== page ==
The World's First PICC That Combining the Strength of a Power-injectable
Polyurethane with the Biocompatibility and Ethanol Resistance of Silicone
The only catheter on the market indicated for prolonged intraluminal exposure to compatible solutions containing up to 70% ethanol
Ethanol has been demonstrated by several studies to prevent or resolve Catheter-related Bloodstream Infections (CRBSI) in animal models and human studies.1 2 3 4
Several studies have demonstrated ethanol locks to be effective in preventing or clearing central line lipid occlusion due to total parenteral nutrition.5 6 7
The Piper PICC is made with Quadrasil™ Siliconized Polyurethane designed to deliver the mechanical and physical properties of polyurethane and the biocompatibility of silicone.
The silicone is bound to the polyurethane at the molecular level, making it permanent and noneluting for the life of the catheter.
Quadrasil™ technology is present throughout the catheter, including the outer surface, inner lumen, and the tip.
The Piper PICC does not contain antibiotics, antimicrobials, or heparin
FEATURES AND BENEFITS
Lower Rates of Thrombus Formation
In-vitro blood loop model test results demonstrated that the market leading PICC had an average of 300% more thrombus accumulation on its surface than the Piper PICC with Quadrasil™ Technology (based on platelet count).8
High Injection Flow Rates
Recommended infusion rate is 5 mL/sec for power injection of contrast media using the 5 French Dual-Lumen Piper PICC.
Easy Identification and Use
In addition to the purple color, each extension leg is clearly labelled “Power-Injectable”. Each extension leg is transparent to allow for visualization of fluid flow.
Each clamp tag is clearly labelled with maximum injection rates and a reminder to users to check the patency and flush the line.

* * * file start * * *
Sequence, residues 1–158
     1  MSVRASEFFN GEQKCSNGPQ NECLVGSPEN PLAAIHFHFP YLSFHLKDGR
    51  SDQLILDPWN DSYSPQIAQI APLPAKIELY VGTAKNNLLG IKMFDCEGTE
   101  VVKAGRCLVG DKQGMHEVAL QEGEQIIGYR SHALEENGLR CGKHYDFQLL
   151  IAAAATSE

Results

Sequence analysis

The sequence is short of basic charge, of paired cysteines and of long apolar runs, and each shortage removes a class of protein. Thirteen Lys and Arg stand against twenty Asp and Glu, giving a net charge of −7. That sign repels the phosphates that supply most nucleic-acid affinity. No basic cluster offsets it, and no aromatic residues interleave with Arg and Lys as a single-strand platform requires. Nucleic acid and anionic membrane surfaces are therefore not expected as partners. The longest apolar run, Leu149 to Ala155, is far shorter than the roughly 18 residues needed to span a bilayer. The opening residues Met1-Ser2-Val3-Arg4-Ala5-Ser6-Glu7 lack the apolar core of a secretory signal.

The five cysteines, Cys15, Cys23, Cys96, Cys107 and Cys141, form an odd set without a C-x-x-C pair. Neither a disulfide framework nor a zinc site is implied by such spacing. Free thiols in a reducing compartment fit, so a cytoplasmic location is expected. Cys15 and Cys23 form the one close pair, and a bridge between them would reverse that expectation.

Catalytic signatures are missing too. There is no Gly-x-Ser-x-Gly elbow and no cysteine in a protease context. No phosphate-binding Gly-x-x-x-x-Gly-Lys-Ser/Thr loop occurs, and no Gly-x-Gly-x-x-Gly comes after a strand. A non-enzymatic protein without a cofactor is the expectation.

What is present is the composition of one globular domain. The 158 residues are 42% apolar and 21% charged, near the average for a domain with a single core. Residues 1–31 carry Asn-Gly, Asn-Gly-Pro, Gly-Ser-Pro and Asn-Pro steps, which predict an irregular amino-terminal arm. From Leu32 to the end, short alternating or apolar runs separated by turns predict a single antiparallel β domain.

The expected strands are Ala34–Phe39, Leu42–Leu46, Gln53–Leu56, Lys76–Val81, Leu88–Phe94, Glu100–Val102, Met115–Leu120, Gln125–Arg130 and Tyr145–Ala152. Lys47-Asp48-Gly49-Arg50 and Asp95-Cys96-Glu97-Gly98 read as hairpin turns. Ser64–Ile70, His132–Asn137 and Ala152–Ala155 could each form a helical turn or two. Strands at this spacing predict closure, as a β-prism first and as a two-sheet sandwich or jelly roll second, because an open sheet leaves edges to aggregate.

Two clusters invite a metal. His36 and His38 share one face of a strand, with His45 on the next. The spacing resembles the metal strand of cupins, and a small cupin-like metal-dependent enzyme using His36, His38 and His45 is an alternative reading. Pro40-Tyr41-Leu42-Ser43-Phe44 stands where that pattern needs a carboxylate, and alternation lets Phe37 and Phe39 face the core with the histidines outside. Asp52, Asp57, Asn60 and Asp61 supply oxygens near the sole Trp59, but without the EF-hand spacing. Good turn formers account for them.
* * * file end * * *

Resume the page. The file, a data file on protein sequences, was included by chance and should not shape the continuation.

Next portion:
Reverse Taper Design
Helps seal the site of the venotomy, increasing kink resistance and potentially reducing the rate of infiltration.
Currently the Piper PICC is available in a 5 French Dual Lumen Configuration.
Quadrasil™ is not used as a coating, it is a thermoplastic silicone polyurethane co-polymer that exhibits the properties of both urethane and silicone.
Indications for Use
The 5 FR DL Piper PICC Catheter is indicated for short or long term peripheral access to the central venous system for intravenous therapy, power injection of contrast media, and prolonged exposure to intraluminal solutions containing up to 70% ethanol. The maximum recommended infusion rate is 5mL/sec for power injection of contrast media.
1. Sanders, J., Pithie, A., Ganly, P., Surgenor, L., Wilson, R., Merriman, E., Loudon, G., Judkins, R., & Chambers, S. (2008). A prospective double-blind randomized trial comparing intraluminal ethanol with heparinized saline for the prevention of catheter-associated bloodstrem infection in immunosuppressed haematology patients. Journal of Antimicrobial Chemotherapy, 62(4), 809-815. https://doi.org/10.1093/jac/dkn284
2. Broom, J., Woods, M., Allworth, A., McCarthy, J., Faoagali, J., Macdonald, S., & Pithie, A. (2008). Ethanol lock therapy to treat tunnelled central venous catheter-associated blood stream infections: Results from a prospective trial. Scandinavian Journal of Infectious Diseases, 40, 399-406. https://doi.org/10.1080/00365540701756953
3. Chambers, S. T., Pithie, A., Gallagher, K., Liu, T., Charles, C. J., & Seaward, L. (2007) Treatment of Staphylococcus epidermidis central vascular catheter infection with 70% ethanol locks: Efficacy in a sheep model. Journal of Antimicrobial Chemotherapy, 59(4), 779-782. https://doi.org/10.1093/jac/dkl542
4Mouw, E., Chessman, K., Lesher, A., & Tagge, E. (2008). Use of an ethanol lock to prevent catheter-related infections in children with short bowel syndrome. Journal of Pediatric Surgery, 43(6), 1025-1029. https://doi.org/10.1016/j.jpedsurg.2008.02.026
5. Johnston, D. A., Walker, K., Richards, J., & Pennington, C. R. (1992). Ethanol flush for the prevention of catheter occlusion. Clinical Nutrition, 11(2), 97-100. https://doi.org/10.1016/0261-5614(92)90018-L
6. Werlin, S. L., Lausten, T., Jessen, S., Toy, L., Norton, A., Dallman, L., Bender, J., Sabilan L., & Rutkowski, D. (1995). Treatment of central venous catheter occlusions with ethanol and hydrochloric acid. Journal of Parenteral and Enteral Nutrition, 19(5), 416-418. https://doi.org/10.1177/0148607195019005416
7. Pennington, C. R., & Pithie, A. D. (1987). Ethanol lock in the management of catheter occlusion. Journal of Parenteral and Enteral Nutrition, 11(5), 507-508. https://doi.org/10.1177/0148607187011005507
8. Bench test data on file at Piper Access, LLC